Monday, May 3, 2021

Controversy Rocks Angler of the Year contest!

Claiming that he netted it, “so the fish by God was his,” Wayne Baranczyk has challenged Bill Prater’s claim to a 28-inch grass carp as the club’s first 2021 entry in the Angler of the Year contest. Wayne's protest has roiled the waters of a highly competitive but usually good natured annual contest.

Bill insists - and backs it up with photographs - that he hooked the gentle giant by its dorsal fin, and fought it to a standstill after a 45-minute battle that raged the length of the River’s Edge Bass Pond. But Wayne, with photos of his own, clearly landed the carp square in the middle of his float tube. “Besides," Wayne noted, "Bill snagged the damned thing.”  (See the earlier article, "Prater submits first Angler of the Year candidate")

Photo by Bill Prater

Jim Roode, contest manager, has taken the controversy under advisement. But he concedes that “contest rules don’t directly address the question of landing nets. Snagging, though, is permitted under club rules. But who would have thought, though, that two fishing buddies would threaten to foul hook one another over a darned fish?Jim promises a resolution to the quarrel no later than Wednesday. Stay tuned.

Prater submits first Angler of the Year candidate - a 28-inch carp!

 The Angler of the Year competition has its first entry - Bill Prater’s 28-inch grass carp, released back into Bass Pond not longer after the club’s breakfast Friday, April 29. As Bill reported: “Okay, if you needed proof that Nanofil is tough stuff, know that I just hauled out a 28-inch grass carp from Bass Pond that I foul hooked with my ultralight rig set up with 4-pound test monofil and a 4-pound fluorocarbon leader - attached to a 1/32-oz jighead tipped with a 1-inch Gulp minnow. If you look at the attached photo, you can see the little jighead still holding on…”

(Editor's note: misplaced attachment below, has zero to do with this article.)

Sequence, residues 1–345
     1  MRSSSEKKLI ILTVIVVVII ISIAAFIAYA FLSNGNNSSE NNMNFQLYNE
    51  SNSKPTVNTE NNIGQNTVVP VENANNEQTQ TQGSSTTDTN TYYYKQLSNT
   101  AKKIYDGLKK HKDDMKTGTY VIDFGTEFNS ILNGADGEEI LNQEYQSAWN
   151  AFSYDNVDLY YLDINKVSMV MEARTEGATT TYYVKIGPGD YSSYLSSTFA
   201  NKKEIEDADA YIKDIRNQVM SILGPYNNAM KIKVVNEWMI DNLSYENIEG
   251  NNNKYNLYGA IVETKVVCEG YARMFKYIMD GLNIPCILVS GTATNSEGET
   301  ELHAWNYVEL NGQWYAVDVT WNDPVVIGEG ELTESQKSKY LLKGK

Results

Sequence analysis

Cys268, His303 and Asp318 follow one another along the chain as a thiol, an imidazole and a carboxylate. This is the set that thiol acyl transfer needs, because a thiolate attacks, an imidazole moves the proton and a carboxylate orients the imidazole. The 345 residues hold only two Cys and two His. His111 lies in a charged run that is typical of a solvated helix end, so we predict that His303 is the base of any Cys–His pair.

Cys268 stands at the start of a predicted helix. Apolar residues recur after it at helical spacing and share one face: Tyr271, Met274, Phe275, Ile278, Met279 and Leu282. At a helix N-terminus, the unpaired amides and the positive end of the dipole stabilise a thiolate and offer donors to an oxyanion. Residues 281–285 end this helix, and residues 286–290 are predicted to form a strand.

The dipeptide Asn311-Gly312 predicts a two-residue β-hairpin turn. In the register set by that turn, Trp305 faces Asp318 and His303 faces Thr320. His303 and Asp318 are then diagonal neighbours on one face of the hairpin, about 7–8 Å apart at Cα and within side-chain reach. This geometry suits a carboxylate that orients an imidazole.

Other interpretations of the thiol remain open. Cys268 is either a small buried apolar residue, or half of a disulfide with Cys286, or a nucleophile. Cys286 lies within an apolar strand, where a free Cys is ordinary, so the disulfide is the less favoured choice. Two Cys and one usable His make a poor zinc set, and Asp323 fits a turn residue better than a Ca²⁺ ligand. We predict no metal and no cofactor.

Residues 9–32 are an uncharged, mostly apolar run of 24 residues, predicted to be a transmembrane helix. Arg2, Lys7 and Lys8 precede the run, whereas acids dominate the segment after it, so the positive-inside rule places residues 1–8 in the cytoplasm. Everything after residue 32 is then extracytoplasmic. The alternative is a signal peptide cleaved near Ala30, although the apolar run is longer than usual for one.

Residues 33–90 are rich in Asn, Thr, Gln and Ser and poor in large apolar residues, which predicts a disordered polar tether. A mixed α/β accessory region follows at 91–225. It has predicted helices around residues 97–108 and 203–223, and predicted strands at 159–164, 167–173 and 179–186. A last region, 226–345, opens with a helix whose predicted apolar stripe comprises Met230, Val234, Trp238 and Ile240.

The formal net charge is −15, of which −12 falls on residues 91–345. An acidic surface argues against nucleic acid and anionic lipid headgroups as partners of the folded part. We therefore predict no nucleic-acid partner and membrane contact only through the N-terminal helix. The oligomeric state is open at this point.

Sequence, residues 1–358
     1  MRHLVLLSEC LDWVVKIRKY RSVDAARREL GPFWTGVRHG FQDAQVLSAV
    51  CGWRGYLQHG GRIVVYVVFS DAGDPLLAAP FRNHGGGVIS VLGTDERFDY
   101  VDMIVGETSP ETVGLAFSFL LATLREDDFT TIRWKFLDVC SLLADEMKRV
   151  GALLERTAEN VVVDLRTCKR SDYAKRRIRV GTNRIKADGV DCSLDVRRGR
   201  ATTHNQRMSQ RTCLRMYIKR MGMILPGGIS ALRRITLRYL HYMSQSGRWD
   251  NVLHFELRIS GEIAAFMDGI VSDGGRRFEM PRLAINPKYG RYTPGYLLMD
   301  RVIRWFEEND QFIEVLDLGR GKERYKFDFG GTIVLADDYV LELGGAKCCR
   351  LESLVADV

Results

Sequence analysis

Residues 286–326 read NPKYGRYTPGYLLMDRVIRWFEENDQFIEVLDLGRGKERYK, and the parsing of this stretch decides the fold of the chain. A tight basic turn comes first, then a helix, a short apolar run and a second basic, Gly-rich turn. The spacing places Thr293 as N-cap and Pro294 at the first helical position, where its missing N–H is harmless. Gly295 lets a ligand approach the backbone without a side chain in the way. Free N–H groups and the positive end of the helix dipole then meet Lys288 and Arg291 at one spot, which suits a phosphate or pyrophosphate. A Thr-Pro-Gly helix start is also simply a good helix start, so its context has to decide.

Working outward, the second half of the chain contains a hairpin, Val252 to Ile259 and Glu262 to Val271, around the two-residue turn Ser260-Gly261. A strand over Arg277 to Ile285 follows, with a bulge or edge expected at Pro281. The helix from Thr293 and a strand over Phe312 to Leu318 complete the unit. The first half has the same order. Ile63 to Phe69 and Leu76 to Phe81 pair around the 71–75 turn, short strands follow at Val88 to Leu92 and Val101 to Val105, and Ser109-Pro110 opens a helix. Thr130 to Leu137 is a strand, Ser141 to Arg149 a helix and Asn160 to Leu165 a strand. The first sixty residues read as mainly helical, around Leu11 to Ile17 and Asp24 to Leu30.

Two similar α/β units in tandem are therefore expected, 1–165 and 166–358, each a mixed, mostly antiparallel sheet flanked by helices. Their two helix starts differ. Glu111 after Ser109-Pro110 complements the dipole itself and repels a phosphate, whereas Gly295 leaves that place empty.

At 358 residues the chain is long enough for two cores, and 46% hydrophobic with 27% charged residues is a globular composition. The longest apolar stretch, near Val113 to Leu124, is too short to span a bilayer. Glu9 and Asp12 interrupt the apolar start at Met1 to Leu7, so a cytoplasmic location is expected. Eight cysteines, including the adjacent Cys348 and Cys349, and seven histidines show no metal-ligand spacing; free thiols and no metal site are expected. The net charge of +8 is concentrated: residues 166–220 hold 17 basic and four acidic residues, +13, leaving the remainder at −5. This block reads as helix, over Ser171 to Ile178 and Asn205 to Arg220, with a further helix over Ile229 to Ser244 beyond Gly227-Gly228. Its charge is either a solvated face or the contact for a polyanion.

Bill reports the monster “took off and stripped almost all my 150 yards of line and dragged me all over the damned place before Wayne got a look at it and yelled, ‘You hooked him on the dorsal fin!’ I never did get him into my tube, but finally dragged him over next to Wayne (Baranczyk) and he netted him for me. The little jighead was all bent up, but firmly attached to the fin.”

The fish measured 93.333 percent of the Colorado Master Angler criteria for its species.

Photo of Bill's fish by Wayne Baranczyk

Entries will be accepted through Dec. 31, with the Angler of the Year award presented at the club’s January meeting.

Sunday, May 2, 2021

After a covid-delayed start, 2021 Angler of the Year Competition begins!

Jim Roode, record keeper of the club’s Angler of the Year contest, has announced the rules for this year’s tourney, which runs through year-end, Dec. 31. Pins and/or patches or plaques will be awarded for first, second and third place entries, to be presented at the club’s annual banquet in January. The first-place winner’s name will be placed on a permanent plaque. 

Here are the rules: 

  • Eligible Fish - Any Fish caught in the state of Colorado that is listed on the Colorado Master Anglers List.

  • Winner is the fish which is the largest percentage of a Colorado Master Anglers fish. (For example, Dan Barker was the club’s most recent winner, back in 2019, with a 19 ¾-inch white bass, 116.2 percent of the Colorado Master Angler criteria for that species.) 

  • All Colorado Fishing regulations apply. Snagging not allowed except if the fish was accidentally snagged in the course of normal angling using commonly accepted angling procedures and equipment.

  • Entries must be submitted to the record keeper (currently Jim) in writing within 30 days of the catch.      

  • Entries require picture or witness verification.

  • Fish caught on a Professional Guided trip do not qualify, and must be from publicly accessible water.

  • Entries will be allotted time at the Monthly Meeting to discuss their catch. 

  • Prizes will be awarded at the January club meeting.